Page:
Do the Poor Overweigh Low Probability Events?

The literature in Development Economics documents that households in developing countries are vulnerable to considerable risk and shocks. The types of risk and shocks households face range from covariate shocks such as draught, flooding, conflict, and inflation to idiosyncratic ones, e.g., loss of job, sickness, and death of a family member.  Most households however lack the access to formal financial markets to insulate their welfare against these shocks. Instead, households engage in a variety of informal risk mitigation (ex-ante) and shocks coping (ex-post) strategies. An emerging body of literature in Development Economics is interested in investigating the long-term implications of the different types of risk management strategies. If households overestimate low-probability negative events they would engage in sub-optimal risk management strategies, which could perpetuate risk-induced poverty trap.  In this project, we implement carefully designed field experiments in urban Tanzania to investigate if poor households do overweigh low-probability events. We also investigate time preference behaviors of the same subjects.     

The motivation is two-fold: First, we want to understand whether poor households indeed overweigh low-probability events. As documented in previous studies, if households in developing countries indeed overweigh low-probability events, the adverse implications on long-term welfare would be substantial. A farmer, who has a large negative expectation about rainfall, would be less likely to apply productivity enhancing modern agricultural inputs. A household who overestimates the likelihood of a conflict would likely choose to keep its wealth in the form of passive assets (e.g., Jewelries) instead of investing it on productive assets. As a result, households would be forced to remain in poverty trap, an equilibrium level of poverty from which one would not be able to come out without an external intervention. Our work therefore would have significant implications for understanding the behaviors of the poor and poverty traps.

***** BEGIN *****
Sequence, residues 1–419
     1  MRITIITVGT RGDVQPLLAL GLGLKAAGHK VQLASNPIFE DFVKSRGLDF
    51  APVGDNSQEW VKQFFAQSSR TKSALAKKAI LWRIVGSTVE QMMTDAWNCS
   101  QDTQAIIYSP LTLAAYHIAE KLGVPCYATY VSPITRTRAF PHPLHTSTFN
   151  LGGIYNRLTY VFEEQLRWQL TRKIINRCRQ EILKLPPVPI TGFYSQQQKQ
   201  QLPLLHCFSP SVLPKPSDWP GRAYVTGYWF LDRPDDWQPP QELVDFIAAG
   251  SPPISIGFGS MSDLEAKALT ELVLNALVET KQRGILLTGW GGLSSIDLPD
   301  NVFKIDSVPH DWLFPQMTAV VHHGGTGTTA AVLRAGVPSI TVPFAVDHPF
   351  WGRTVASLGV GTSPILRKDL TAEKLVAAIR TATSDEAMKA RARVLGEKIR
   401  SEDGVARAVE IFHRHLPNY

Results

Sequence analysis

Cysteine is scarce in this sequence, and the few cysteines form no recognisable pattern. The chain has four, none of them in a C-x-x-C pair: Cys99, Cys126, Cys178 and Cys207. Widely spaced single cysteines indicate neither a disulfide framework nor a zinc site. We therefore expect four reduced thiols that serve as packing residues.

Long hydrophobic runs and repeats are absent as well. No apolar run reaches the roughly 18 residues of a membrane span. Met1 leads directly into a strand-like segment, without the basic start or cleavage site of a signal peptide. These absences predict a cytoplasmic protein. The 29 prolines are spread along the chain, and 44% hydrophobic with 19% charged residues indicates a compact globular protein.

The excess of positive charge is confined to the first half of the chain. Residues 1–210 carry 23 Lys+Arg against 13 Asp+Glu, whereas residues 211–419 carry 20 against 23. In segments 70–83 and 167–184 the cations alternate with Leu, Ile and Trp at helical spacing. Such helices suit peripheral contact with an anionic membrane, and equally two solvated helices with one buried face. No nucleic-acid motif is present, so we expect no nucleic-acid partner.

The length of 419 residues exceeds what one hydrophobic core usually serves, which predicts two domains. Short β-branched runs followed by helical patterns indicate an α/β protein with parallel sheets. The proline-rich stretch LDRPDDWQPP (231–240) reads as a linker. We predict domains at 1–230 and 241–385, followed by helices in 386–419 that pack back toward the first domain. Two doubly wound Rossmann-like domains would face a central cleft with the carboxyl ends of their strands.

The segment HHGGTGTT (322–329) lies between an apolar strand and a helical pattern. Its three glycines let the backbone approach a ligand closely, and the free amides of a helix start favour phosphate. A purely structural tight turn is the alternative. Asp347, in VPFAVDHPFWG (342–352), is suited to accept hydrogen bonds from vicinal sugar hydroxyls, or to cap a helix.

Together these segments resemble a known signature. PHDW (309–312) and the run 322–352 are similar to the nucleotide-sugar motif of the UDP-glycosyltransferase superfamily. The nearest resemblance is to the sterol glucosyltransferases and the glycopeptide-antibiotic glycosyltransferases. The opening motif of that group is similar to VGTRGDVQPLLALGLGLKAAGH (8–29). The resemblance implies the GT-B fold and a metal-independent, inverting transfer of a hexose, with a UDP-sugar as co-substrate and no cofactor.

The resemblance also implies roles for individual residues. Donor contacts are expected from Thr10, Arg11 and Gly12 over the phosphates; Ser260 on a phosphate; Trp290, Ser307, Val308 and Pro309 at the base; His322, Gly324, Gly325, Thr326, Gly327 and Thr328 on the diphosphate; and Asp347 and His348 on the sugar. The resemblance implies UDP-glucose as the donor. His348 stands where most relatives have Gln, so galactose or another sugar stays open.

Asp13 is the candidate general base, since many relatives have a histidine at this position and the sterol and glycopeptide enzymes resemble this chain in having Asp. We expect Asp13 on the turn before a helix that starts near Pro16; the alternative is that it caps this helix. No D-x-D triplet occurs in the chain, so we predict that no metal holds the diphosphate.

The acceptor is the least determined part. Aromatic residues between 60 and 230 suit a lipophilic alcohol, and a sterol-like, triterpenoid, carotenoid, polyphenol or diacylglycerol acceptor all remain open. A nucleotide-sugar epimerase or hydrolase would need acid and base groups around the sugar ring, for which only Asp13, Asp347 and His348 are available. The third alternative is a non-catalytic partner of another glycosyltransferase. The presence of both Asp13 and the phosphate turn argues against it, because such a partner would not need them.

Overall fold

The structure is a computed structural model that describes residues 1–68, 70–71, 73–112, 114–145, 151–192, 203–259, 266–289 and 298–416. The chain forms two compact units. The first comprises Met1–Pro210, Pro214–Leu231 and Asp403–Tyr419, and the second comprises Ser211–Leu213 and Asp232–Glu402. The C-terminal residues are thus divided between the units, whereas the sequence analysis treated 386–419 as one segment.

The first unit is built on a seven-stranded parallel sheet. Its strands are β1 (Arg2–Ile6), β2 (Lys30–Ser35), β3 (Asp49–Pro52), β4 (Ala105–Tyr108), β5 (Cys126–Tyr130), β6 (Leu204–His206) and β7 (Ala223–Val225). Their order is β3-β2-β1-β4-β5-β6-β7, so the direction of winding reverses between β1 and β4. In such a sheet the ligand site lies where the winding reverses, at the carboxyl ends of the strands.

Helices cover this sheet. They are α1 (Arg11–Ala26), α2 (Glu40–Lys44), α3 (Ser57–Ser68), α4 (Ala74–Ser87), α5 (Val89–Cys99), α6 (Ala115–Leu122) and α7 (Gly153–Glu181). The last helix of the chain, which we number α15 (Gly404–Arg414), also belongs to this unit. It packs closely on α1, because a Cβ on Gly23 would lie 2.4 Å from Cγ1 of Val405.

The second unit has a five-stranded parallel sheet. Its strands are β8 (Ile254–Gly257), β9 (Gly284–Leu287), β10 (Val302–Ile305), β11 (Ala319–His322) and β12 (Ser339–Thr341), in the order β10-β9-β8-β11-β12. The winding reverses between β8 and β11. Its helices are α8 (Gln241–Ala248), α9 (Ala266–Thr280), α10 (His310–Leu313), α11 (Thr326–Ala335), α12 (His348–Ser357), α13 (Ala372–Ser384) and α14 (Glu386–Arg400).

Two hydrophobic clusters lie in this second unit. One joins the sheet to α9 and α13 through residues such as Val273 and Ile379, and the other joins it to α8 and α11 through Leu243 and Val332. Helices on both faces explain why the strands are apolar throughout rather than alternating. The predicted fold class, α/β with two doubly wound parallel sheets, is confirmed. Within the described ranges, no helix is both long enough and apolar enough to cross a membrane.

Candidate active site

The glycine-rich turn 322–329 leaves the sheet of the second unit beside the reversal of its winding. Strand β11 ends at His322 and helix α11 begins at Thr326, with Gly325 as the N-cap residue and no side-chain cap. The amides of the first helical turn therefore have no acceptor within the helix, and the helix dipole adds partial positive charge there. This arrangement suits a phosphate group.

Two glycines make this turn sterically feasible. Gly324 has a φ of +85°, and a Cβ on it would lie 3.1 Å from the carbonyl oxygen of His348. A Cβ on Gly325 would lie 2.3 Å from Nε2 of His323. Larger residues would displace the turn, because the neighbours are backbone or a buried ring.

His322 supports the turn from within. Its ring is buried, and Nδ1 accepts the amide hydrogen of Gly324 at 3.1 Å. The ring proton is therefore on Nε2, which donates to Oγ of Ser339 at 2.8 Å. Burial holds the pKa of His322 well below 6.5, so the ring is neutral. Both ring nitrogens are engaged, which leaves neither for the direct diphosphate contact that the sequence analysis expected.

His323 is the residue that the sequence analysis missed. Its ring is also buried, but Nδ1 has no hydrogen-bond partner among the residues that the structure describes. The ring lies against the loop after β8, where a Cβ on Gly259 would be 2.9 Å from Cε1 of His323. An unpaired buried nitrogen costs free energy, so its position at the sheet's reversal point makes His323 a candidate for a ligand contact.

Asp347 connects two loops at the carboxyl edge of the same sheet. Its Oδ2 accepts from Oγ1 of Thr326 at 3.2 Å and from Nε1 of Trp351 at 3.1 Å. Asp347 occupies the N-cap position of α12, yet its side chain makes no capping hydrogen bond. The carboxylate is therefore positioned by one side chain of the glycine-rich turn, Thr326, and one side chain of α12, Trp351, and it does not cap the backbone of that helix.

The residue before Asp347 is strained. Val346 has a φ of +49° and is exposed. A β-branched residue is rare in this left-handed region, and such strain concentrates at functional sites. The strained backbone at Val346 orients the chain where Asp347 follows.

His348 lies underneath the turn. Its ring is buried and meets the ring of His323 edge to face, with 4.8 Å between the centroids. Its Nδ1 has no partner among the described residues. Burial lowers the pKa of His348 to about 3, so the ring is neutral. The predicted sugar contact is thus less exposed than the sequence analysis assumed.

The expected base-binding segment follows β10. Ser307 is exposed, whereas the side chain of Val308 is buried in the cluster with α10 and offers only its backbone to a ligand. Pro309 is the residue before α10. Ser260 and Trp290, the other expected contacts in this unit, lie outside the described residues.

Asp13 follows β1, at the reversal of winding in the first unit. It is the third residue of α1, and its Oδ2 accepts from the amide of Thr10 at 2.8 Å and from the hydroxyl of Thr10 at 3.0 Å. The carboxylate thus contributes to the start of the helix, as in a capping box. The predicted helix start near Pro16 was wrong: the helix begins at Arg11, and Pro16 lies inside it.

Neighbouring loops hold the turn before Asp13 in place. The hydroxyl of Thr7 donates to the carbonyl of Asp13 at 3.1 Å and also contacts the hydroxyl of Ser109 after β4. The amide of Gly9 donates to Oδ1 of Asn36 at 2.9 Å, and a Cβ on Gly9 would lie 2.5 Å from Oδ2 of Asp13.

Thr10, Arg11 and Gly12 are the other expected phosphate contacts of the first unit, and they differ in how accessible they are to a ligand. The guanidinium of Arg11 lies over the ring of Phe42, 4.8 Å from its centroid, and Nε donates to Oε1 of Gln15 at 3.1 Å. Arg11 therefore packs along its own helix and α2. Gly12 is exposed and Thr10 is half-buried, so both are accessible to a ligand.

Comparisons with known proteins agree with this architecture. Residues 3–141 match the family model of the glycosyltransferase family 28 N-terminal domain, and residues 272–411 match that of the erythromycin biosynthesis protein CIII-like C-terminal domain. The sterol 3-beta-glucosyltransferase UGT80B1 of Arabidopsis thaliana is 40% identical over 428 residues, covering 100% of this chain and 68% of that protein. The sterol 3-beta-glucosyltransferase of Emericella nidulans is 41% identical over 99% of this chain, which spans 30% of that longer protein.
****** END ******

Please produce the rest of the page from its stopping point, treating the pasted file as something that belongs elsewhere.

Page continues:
Second, we would like to contribute to the general debate in economics on whether it is the Expected Utility (EU) or the Prospect Theory (PT) that describes the risk taking behavior of poor households in Africa. A number of previous studies in both developed and developing countries used the EU theory to describe risk taking behavior of subjects. In 2010, in a study by Tanaka, Camerer and Nguyen, which we refer as TCN from now on suggest an experimental setup which demonstrates that risk preferences of poor households can be better captured using the PT framework, constituting three relevant parameters: risk aversion, loss aversion, and nonlinear probability weighting. An important advantage of the TCN approach is its simplicity and its flexibility in enabling one to test whether EU theory or PT theory explains risk preferences of the subjects. Our project therefore provides one of the most comprehensive evidences on risk preferences of individuals in developing countries. Our project also provides one of the most comprehensive measures of time preference of households in developing countries.   

Theme 1: Individual behaviour, cooperation and trust.

Project status
Project | 20 March 2015